Rental Property - Safety Regulations

Introduction.

All landlords have specific legal obligations and responsibilities for a variety of safety related issues, these include fire safety for furnishings; gas appliances and electrical wiring/appliances to list some. It is essential that landlords (and their agents) take these responsibilities seriously as failure to comply can lead to large fines and even imprisonment. Below we have detailed some basic information regarding these issues, specifics may vary from property to property.

Fire Detection

The current requirement for private rented property in Scotland is that there must be a hard wired smoke alarm in the hall (and on each floor if the property is not on a single level), another hardwired and linked smoke alarm in the lounge and a hardwired and linked heat detector in the kitchen.

Gas Safety

Any rental property equipped with gas appliances needs to comply with the law relating to gas safety. Pipe work, appliances and flues provided for tenants must be properly maintained and in a safe condition.  A gas safety check must be carried out every year by a Gas Safe registered engineer.  The tenants must receive a copy of the gas safety record and you should make sure your tenants know where to turn off the gas and what to do in the event of a gas emergency.

Electrical Safety

It is important to ensure that all electrical appliances and fittings within the property are safe and in good working order. In practice what that means is that the property must have an Electrical Inspection & Safety Report (EICR) otherwise knows as a wiring survey every five years. Any electrical items either provided by or left in the property by the landlord must be subject to a Portable Appliance Test every twelve months.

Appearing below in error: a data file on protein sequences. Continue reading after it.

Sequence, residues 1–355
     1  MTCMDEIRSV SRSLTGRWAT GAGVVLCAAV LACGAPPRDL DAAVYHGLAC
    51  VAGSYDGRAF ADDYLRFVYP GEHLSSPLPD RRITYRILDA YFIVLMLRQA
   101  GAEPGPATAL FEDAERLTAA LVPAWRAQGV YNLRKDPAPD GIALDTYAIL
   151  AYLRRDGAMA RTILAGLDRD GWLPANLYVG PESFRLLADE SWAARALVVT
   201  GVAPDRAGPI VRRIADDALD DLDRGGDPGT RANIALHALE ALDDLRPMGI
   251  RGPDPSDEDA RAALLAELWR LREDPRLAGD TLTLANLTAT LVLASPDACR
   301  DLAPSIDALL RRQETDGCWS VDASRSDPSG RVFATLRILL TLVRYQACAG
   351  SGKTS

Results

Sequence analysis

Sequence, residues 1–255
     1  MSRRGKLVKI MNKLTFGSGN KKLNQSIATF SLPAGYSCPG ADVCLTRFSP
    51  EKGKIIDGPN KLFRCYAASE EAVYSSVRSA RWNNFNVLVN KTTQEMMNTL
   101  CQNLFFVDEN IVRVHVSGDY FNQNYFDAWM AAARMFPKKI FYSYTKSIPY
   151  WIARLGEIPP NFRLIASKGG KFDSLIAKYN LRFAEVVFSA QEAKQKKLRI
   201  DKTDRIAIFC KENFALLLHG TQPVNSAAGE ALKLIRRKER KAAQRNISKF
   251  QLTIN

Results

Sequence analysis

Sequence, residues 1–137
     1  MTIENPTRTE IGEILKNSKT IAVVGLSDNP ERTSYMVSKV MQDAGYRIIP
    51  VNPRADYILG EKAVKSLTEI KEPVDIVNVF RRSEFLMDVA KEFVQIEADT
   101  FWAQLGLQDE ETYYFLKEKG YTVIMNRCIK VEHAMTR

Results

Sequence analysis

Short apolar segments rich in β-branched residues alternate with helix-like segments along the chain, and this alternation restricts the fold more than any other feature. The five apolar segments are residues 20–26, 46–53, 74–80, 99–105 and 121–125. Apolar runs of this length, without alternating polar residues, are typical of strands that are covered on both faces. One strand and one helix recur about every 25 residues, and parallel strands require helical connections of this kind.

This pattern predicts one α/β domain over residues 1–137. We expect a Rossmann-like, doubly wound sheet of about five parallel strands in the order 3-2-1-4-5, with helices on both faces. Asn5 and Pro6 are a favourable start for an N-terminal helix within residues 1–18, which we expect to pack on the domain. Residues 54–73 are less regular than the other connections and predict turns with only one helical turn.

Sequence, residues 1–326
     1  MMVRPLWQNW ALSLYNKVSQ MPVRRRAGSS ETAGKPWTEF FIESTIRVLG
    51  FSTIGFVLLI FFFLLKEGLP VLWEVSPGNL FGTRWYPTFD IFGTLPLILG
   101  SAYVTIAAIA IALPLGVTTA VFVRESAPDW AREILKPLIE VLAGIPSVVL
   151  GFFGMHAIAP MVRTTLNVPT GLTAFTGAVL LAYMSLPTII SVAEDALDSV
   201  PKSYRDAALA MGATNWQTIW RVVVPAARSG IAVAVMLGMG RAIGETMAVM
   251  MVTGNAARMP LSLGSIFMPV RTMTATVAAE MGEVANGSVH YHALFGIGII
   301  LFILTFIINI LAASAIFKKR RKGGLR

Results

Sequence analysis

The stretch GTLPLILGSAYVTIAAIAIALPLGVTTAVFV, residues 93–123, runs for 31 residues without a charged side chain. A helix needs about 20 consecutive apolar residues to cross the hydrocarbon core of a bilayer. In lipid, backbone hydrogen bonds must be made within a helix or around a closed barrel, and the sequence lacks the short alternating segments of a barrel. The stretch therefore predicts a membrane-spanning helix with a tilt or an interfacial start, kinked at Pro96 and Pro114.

Furniture and Furnishing

Furniture and furnishings supplied in rental accommodation must comply with The Furniture and Furnishings (Fire) (Safety) Regulations 1988. If the property is furnished you must ensure that certain types of furniture and furnishings provided meet the current safety regulations (this basically means anything with foam in it).

Legionnaires Disease

Due to the Health and Safety Executives recent change in policy regarding water supply, domestic rental property now falls into this area. What it means in practical terms is that some basic preventative and risk assessment measures are required except in ‘high risk’ properties, which are very rare. This can generally be achieved at zero cost to the landlord, anyone who tries to get you to have a ‘test’ conducted is trying to sell you something you probably don’t need.

CO2 Detectors

Surprisingly these are not, as yet, mandatory (though we believe they should be). They only become mandatory when a new gas appliance of any type is fitted in the property. That said we thoroughly recommend them to any of our landlords that have gas in their properties.

Energy Performance Certificates

Obviously not a safety requirement but we have included it here for completeness. An Energy Performance Certificate, otherwise known as an EPC, provides an energy rating for a home, showing its energy efficiency and its environmental impact on a scale from A-G (where A is the most efficient and G the least efficient). It also contains recommended ways to improve the property’s energy performance. As of October 2008 it is the landlords legal obligation to provide their tenant with a certificate and this remains valid for a 10 year period. All homes bought, sold or rented require an EPC and it must be included in any advertising regarding the property.

As a pro active letting agent we manage all of the above and are at the cutting edge of current and proposed changes to legislation as they occur. Should you require any advice about any of the above please don’t hesitate to contact Belvoir Lettings Dundee on 01382 228437 or Dundee@belvoirlettings.com

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